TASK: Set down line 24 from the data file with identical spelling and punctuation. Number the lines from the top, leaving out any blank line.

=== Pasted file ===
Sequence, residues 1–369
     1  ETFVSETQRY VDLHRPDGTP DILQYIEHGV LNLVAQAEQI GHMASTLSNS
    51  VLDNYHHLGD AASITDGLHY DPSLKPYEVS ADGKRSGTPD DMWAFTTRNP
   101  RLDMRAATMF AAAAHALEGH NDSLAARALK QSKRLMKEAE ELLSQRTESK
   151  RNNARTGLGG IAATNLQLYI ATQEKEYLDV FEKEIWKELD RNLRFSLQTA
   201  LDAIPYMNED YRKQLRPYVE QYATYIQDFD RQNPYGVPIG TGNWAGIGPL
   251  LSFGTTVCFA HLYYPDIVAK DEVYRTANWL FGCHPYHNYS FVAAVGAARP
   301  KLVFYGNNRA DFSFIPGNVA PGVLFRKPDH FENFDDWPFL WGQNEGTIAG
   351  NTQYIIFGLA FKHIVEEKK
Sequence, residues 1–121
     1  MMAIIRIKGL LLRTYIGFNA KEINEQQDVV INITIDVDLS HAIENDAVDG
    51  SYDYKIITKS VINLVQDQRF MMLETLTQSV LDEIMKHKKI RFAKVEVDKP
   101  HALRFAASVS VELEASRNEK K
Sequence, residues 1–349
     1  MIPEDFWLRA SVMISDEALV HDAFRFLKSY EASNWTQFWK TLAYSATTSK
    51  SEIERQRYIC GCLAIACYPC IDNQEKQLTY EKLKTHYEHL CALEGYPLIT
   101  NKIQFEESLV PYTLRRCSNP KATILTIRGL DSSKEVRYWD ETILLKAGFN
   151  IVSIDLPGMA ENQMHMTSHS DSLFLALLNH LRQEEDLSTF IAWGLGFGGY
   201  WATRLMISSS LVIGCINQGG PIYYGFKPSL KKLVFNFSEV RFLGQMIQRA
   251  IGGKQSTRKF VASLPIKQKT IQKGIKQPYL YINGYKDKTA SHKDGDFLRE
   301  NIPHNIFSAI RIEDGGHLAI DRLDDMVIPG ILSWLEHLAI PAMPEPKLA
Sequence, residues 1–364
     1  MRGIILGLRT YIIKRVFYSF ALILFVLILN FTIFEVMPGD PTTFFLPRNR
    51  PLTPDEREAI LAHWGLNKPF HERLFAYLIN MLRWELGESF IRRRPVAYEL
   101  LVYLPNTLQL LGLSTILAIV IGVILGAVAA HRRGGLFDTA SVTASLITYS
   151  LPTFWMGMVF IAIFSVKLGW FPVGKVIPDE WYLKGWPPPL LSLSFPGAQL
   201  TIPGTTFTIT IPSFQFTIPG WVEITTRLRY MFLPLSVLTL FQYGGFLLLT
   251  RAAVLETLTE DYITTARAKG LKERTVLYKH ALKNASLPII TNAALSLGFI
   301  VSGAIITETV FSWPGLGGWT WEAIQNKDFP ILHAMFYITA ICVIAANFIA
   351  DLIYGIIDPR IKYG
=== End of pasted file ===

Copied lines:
    51  PLTPDEREAI LAHWGLNKPF HERLFAYLIN MLRWELGESF IRRRPVAYEL